It had been two great sets of music and â€œPass This Wayâ€ could easily have served as a great end to a great show. But Kaufman let us know that they were going to take a quick break and then, he promised, there would be more of the same and lots of it!
And he meant it. The next set lasted over two hours. It opened with â€œMy Galâ€ into â€œNo Expectations.â€ They did â€œLandfall,â€ a new Aijala tune and then invited up Bartram, one of Kaufmanâ€™s â€œfavorite peopleâ€ to share bass duties on â€œBlack Sheep.â€
Perhaps inspired by Robbieâ€™s 5-string flame thrower earlier in the night, Aijala kicked on his distortion pedal and led the band through a very short, but very powerful, punk rock number. The whole thing was about a minute long, but showed a different side to the bandâ€™s talents.
Their punk rock moment turned out to be just an appetizer for a set that was about to jump very outside the bluegrass box. They ripped into a prog-rock tinged â€œDogs,â€ by Pink Floyd. The song ebbed and flowed, it turned and shook without warning, it descended into darkness, only to be brought back with a guitar riff or a mandolin run.
The band re-entered the box – briefly – as Johnston sang the more traditional â€œGoing to the Races.â€ Then they called their friends back out and the eight-headed bluegrass machine deconstructed Todd Snyderâ€™s â€œSideshow Blues,â€ in ways that Mr. Snyder probably couldnâ€™t have imagined, but surely would have loved.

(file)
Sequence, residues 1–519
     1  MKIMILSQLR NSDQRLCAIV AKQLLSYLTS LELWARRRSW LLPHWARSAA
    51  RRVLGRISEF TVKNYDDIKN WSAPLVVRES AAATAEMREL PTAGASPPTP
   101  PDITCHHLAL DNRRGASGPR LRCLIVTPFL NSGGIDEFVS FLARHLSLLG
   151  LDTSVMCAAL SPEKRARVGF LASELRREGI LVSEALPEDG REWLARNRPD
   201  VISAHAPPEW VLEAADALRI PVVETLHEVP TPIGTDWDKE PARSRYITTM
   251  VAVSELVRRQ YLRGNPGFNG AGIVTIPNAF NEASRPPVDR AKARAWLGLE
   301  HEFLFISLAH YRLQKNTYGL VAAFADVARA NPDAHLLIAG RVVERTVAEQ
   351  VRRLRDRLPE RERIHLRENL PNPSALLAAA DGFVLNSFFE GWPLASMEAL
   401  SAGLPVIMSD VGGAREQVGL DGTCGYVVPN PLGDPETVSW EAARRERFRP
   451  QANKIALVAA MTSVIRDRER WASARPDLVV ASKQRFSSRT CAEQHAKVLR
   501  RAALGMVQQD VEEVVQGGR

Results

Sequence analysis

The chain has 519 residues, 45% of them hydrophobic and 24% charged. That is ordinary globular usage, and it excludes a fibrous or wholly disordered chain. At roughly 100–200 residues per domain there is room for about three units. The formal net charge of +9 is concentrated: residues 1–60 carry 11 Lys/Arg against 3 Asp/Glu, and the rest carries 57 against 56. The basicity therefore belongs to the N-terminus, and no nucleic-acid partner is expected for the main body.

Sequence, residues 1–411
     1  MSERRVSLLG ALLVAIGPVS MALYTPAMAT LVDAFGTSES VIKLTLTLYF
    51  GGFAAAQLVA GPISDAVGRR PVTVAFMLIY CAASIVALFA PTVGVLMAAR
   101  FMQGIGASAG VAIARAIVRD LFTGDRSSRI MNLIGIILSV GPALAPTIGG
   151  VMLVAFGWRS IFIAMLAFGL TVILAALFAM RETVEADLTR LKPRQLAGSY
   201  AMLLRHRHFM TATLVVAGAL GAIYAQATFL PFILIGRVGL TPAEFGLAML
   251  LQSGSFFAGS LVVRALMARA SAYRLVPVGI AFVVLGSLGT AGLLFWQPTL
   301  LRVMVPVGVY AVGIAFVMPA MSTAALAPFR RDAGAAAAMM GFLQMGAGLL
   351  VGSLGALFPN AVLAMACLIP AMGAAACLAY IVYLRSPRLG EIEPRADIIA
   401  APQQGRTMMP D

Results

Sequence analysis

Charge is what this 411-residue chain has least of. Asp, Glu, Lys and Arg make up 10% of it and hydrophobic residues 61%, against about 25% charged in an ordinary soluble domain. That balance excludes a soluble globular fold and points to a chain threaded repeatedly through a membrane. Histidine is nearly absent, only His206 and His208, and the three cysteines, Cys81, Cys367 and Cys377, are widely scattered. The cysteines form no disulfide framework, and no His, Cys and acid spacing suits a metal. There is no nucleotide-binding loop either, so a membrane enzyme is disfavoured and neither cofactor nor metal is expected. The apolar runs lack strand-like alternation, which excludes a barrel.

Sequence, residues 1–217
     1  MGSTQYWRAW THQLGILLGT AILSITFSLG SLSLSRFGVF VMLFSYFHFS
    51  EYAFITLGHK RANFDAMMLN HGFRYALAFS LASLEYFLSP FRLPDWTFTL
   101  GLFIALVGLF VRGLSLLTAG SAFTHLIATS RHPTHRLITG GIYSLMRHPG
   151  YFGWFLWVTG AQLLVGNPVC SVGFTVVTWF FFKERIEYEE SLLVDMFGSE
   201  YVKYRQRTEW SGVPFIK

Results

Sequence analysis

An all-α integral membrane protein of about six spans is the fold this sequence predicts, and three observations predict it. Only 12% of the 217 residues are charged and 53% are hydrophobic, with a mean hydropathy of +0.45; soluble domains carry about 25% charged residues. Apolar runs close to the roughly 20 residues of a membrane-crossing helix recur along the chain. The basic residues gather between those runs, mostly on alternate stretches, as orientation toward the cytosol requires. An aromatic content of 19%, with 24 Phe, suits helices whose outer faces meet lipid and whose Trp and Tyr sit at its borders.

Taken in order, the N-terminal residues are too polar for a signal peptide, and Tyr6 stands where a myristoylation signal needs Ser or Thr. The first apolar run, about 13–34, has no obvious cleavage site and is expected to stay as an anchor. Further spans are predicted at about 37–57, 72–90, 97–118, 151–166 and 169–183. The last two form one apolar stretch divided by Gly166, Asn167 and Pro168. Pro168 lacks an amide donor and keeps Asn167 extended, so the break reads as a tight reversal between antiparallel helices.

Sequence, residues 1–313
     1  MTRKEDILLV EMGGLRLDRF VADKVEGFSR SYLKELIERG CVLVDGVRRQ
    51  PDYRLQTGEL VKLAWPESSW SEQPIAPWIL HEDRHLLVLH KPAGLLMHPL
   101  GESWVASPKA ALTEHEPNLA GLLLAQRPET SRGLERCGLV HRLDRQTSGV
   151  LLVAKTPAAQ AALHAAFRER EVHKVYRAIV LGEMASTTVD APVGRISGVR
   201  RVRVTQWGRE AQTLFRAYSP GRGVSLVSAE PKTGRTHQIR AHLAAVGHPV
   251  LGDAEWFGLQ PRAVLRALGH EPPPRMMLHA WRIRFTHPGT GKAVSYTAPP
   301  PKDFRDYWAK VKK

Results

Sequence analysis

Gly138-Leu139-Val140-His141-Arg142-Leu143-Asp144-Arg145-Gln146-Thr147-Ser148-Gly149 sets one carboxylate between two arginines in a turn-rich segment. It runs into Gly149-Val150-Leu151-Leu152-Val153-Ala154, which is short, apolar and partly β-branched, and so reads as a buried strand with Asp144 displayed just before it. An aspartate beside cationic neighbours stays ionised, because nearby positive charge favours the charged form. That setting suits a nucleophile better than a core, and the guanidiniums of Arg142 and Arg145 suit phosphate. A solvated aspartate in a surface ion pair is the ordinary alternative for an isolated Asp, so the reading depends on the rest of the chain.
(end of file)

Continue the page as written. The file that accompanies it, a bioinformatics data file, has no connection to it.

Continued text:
â€œDogsâ€ and â€œSideshowâ€ were each close to a half an hour. It almost seemed hard to imagine an encore could follow. Rather than try to outdo themselves, they took us to a quieter, more introspective place with â€œReuben and Cherise.â€
Kaufman thanked the crowd for braving the weather – itâ€™s February in Wisconsin! He recognized that while the single-digit temperature might not slow this audience down, he admitted that it was a lot for the bands to handle. Perhaps it was this reluctance that earned the crowd one final song for the night: â€œLet Me Fall.â€
When writing reviews you are always advised to not write in the first person as you are supposed to be objective and not let personal feelings interfere with the critique of the event, album, or music at hand. But sometimes the best way to truly express how special something was is through your own personal feelings. Strings & Sol 2013 was one of those events.